Less than a week into Donald Trump's presidency, both chambers of Congress have launched probes into alleged hacking by Russia that spy chiefs believe was designed to help him win.

The moves could deepen the rift between the new President and the intelligence community - which has said that Russia intervened in the US election with the goal of helping to elect Trump. It could also eventually drive a wedge between Trump and the Republican Congress, depending on the information that is uncovered and how aggressively lawmakers move to follow it.

The Senate Intelligence Committee, which is in charge of the Senate's investigation, kicked off its probe yesterday with a meeting to establish the scope of its inquiries.

Lawmakers have pledged to look "everywhere the intelligence tells us to go" in investigating Russia's activities in the 2016 elections, said the committee's chairman, Richard Burr - even if that includes links between the Trump campaign and the Kremlin.

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The House Intelligence Committee has also launched its formal inquiry, Chairman Devin Nunes and ranking Democrat Adam Schiff said itoday. They promised their focus on Russia's alleged meddling in the 2016 election would include "any intelligence regarding links between Russia and individuals associated with political campaigns".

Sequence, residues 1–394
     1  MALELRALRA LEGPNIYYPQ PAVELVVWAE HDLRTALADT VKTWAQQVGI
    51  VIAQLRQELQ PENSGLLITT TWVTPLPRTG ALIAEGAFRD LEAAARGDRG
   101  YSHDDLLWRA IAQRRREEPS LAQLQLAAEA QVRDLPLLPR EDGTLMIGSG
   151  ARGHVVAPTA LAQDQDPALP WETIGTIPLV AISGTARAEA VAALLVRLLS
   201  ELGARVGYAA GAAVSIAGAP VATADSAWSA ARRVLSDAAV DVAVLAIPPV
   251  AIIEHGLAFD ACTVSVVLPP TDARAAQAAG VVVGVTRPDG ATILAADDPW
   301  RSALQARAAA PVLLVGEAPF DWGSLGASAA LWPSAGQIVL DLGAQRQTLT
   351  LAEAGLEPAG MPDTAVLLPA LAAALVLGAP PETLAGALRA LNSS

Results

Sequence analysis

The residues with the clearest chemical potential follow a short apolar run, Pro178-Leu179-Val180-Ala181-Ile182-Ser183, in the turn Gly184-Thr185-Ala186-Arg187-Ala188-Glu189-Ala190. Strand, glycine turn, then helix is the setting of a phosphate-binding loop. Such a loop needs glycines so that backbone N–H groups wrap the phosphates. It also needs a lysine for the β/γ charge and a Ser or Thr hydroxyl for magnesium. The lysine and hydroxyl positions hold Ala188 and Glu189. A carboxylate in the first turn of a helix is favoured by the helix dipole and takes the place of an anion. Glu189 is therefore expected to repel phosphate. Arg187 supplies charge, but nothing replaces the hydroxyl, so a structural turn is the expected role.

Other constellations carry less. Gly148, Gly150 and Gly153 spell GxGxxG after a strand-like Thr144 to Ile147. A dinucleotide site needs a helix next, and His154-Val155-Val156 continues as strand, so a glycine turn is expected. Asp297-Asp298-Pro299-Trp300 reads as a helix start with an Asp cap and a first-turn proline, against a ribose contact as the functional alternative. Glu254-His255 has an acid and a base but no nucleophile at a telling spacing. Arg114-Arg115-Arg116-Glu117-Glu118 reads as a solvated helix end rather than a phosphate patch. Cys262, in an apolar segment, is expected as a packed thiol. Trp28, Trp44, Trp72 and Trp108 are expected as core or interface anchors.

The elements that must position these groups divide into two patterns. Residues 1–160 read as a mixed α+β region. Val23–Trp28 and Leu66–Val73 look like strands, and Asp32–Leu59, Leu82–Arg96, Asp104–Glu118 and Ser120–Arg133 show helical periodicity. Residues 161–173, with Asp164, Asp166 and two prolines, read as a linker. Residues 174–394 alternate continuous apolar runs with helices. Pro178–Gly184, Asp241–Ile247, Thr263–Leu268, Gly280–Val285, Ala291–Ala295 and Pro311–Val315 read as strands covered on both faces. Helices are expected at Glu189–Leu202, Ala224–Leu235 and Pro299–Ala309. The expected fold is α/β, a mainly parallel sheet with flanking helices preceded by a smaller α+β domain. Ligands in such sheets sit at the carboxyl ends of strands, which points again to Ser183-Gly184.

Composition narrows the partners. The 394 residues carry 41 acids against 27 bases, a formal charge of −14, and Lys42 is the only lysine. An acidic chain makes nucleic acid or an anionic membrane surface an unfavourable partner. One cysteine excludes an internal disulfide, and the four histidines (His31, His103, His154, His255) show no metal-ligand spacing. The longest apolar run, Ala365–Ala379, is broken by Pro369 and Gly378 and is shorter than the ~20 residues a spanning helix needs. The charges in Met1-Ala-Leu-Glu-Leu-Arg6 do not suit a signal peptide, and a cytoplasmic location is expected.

The committee leaders added in their statement that they have already begun to receive documents related to the investigation, while warning incoming Trump Administration officials that they expect them to "fully and promptly support our requests for information related to the inquiry. It will not be adequate to review these documents, expected to be in the thousands of pages, at the agencies".

And Senate Armed Services Committee Chairman John McCain said his committee in the next week or two will launch its official investigation into how best to deter and counteract cyberthreats posed by countries such as Russia.

He plans to hold at least one full committee hearing, calling on officials such as Admiral Michael Rogers - the director of the National Security Agency and the head of US Cyber Command - to testify.

Republican leaders are not promising a quick turnaround.

Burr surmised that it would take months to "aggressively" comb through all the intelligence pertaining to the suspected hacking, given that the scale and extent aren't yet clear. And Republican leaders are clearly waiting on the intelligence panels to take the lead.